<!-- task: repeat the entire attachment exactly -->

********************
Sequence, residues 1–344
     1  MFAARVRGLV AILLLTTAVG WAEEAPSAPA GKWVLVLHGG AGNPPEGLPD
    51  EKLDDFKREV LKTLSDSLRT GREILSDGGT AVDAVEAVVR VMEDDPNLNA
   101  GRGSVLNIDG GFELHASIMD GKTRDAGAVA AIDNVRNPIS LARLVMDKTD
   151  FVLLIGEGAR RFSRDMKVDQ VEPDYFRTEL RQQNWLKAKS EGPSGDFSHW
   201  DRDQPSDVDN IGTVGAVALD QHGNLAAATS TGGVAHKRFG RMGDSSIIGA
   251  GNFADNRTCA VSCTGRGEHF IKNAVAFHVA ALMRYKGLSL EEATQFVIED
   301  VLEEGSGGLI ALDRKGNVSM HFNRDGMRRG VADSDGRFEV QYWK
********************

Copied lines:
Sequence, residues 1–344
     1  MFAARVRGLV AILLLTTAVG WAEEAPSAPA GKWVLVLHGG AGNPPEGLPD
    51  EKLDDFKREV LKTLSDSLRT GREILSDGGT AVDAVEAVVR VMEDDPNLNA
   101  GRGSVLNIDG GFELHASIMD GKTRDAGAVA AIDNVRNPIS LARLVMDKTD
   151  FVLLIGEGAR RFSRDMKVDQ VEPDYFRTEL RQQNWLKAKS EGPSGDFSHW
   201  DRDQPSDVDN IGTVGAVALD QHGNLAAATS TGGVAHKRFG RMGDSSIIGA
   251  GNFADNRTCA VSCTGRGEHF IKNAVAFHVA ALMRYKGLSL EEATQFVIED
   301  VLEEGSGGLI ALDRKGNVSM HFNRDGMRRG VADSDGRFEV QYWK